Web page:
Dead Horse Pass
Dead Horse Pass
Indian paintbrush among other wildflowers with Dead Horse Lake in the background
Indian paintbrush among other wildflowers with Dead Horse Lake in the background
More Indian paintbrush with rugged buttes in the background
More Indian paintbrush with rugged buttes in the background
A picturesque meadow
A picturesque meadow

We knocked out Red Knob Pass (12,000 ft) at 2:00 p.m. and descended to Lambert Meadow, then back up over a shoulder with a beautiful small lake on it. Clay pointed out that we had swam in that same lake back in 2014.

A beautiful lake along the Highline
A beautiful lake along the Highline

We made camp at 7:00 p.m. in a long valley I like to call Sheep Sh!+ Basin, on account of the sheep poop scattered everywhere you walk.

That night, we got hit with a torrential downpour accompanied by close lightning strikes and loud thunder. I was so tired, I put earplugs in and fell asleep during the height of the storm.

Day 3

Distance: 20 mi
Ascent: 3,225 ft
Descent: 3,441 ft

Our alarms went off at 6:30 a.m., but It took us a bit longer to roll out of bed and break down camp. Our tents and tarps were soaked and our down quilts were damp from condensation but we packed up anyway! It was about to be a long, hard day of hiking.

We hit the trail at 7:45 a.m. and topped out on Porcupine Pass (12,200 feet) at 10:00 a.m.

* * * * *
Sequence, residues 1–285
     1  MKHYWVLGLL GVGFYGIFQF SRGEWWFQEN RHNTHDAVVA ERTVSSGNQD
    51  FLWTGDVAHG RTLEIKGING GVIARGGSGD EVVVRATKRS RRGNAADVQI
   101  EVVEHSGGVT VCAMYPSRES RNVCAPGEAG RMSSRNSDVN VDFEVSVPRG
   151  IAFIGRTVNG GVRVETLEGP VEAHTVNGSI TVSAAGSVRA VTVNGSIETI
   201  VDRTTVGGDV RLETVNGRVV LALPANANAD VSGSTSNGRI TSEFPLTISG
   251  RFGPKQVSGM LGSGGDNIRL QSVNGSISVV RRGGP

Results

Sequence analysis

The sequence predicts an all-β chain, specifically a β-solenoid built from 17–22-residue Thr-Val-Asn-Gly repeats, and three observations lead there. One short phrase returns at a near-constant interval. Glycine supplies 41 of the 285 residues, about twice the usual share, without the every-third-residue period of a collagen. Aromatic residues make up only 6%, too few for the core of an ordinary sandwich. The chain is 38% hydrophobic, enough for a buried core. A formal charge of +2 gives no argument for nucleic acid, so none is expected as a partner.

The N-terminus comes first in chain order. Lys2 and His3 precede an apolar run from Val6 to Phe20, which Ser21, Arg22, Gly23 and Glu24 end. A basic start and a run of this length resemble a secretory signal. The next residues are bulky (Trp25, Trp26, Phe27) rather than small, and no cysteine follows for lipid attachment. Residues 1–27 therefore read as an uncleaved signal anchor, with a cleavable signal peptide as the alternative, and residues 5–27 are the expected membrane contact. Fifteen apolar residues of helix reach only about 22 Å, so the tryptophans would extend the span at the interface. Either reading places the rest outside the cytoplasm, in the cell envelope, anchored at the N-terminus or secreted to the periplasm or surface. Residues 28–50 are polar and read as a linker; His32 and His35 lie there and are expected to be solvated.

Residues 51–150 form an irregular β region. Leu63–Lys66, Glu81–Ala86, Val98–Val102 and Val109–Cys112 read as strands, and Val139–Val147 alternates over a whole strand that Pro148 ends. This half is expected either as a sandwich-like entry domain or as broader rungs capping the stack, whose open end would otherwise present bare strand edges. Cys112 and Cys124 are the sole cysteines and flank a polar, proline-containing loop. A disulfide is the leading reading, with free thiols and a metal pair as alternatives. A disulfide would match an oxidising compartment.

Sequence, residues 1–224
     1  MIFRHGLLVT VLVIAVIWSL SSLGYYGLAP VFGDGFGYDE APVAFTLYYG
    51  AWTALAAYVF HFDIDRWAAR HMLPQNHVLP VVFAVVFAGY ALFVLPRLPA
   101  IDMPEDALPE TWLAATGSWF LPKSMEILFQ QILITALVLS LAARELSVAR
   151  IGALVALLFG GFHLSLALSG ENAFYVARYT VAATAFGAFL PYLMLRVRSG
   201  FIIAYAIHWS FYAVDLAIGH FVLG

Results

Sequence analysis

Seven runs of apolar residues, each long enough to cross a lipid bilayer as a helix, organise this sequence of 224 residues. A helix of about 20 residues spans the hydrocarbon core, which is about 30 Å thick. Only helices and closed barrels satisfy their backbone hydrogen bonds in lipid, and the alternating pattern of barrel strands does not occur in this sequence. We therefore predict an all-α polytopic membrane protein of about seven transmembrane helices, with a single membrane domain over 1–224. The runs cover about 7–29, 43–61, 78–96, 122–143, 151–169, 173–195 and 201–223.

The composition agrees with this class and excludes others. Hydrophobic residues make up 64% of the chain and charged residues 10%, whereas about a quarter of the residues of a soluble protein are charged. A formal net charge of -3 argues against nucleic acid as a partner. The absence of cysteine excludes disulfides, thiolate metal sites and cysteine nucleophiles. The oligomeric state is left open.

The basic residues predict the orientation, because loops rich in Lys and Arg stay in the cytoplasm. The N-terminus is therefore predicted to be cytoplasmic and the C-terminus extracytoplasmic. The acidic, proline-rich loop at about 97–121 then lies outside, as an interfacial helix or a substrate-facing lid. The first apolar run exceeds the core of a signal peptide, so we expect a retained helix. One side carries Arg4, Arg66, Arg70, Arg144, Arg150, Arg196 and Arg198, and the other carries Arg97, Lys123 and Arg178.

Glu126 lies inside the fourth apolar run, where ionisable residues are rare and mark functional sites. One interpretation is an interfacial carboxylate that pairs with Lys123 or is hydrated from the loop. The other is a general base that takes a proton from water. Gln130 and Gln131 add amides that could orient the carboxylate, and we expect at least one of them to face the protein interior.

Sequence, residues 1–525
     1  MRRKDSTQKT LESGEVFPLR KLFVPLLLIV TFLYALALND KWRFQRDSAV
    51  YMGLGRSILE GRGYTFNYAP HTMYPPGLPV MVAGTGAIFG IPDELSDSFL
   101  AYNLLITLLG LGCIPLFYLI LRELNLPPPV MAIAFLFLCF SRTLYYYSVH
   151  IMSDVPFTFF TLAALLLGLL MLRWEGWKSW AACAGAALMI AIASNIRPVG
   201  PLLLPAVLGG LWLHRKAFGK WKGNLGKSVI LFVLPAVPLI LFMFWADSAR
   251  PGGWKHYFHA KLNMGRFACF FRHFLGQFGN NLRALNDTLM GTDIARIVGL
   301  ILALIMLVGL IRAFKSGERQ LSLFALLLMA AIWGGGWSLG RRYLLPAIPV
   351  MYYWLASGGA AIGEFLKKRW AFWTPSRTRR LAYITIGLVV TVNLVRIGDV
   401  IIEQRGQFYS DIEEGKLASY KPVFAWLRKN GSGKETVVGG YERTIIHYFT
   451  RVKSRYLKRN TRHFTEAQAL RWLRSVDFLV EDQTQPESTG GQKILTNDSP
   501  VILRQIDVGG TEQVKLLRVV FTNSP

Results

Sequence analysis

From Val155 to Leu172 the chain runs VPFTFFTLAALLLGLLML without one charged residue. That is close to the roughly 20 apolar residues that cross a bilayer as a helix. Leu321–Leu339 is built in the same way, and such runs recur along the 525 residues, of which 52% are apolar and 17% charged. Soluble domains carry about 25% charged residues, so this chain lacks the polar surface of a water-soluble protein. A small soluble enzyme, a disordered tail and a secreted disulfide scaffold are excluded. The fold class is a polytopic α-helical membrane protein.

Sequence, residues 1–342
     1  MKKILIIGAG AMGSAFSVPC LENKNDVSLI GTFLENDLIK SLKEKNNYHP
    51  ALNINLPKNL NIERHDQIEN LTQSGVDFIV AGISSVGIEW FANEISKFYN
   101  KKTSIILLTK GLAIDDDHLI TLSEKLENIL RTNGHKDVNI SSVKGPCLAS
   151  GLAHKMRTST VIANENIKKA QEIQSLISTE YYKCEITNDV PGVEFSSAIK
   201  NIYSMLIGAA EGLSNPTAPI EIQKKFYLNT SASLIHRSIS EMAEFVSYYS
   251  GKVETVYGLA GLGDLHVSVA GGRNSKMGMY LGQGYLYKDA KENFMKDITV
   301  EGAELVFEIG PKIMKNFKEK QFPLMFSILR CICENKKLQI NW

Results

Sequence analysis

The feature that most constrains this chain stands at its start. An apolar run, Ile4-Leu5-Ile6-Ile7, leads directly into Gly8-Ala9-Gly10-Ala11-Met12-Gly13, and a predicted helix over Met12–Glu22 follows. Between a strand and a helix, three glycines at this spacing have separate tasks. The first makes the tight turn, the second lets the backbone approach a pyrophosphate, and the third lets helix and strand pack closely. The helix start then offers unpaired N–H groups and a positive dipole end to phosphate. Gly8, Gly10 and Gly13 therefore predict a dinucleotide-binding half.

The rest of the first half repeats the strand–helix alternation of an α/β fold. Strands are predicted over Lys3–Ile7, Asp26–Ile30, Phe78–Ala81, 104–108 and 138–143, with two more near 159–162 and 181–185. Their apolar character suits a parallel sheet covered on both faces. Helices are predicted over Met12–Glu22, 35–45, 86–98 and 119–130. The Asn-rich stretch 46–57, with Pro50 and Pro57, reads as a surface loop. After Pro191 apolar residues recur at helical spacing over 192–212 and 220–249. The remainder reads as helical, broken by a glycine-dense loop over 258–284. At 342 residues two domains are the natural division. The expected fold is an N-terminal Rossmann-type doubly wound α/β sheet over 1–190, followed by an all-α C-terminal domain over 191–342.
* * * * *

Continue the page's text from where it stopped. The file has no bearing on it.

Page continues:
A sheep skull below Porcupine Pass
A sheep skull below Porcupine Pass
Looking southwest from Porcupine Pass
Looking southwest from Porcupine Pass

After a pleasant lunch next to North Star Lake, we continued over Tungsten (11,450 feet), the easiest pass on the Highline.

The next pass, Anderson, is arguably the hardest pass on the Highline. At 12,700 feet, it is by far the highest.

We reached the top of Anderson Pass at 2:15 p.m. Light rain began to fall on the descent.

Looking west from Anderson Pass
Looking west from Anderson Pass
Looking east from Anderson Pass
Looking east from Anderson Pass

On our way down, Jason told us a curious story about “Edwin” Anderson, the guy the pass was supposedly named after. Jason went on to explain that Edwin was a gold prospector and that he had written a book.

“Somehow, I found time to read it in between work and the move.”

Jason went on.

“I think I know where we can find some gold!”

Justin and I looked at each other incredulously, but we followed Jason off-trail anyway. Even though he sounded crazy, Jason has never given me a reason to doubt him. Most of the time, his off-trail shenanigans pay off, particularly in Southern Utah where we have found ancient petroglyphs, dwellings, and clay pottery shards.

Suddenly, Jason dove into a thicket. I squinted to try and focus my eyes on what was happening. A single outstretched arm extended out from the bushes, holding a gold can. Then another. Within seconds, Jason seemingly emerged from the underworld with four Fisher beers! I can’t even begin to describe how thrilled we were.

We were dying to know the real backstory.

Apparently, Jason and Clay had hiked in the previous weekend to summit Kings Peak and plant beers for our Highline journey.

This will go down as the most thoughtful prank anyone has ever played on me. Boy, was it a treat to guzzle those brews down at camp that evening, especially after a 20-mile day.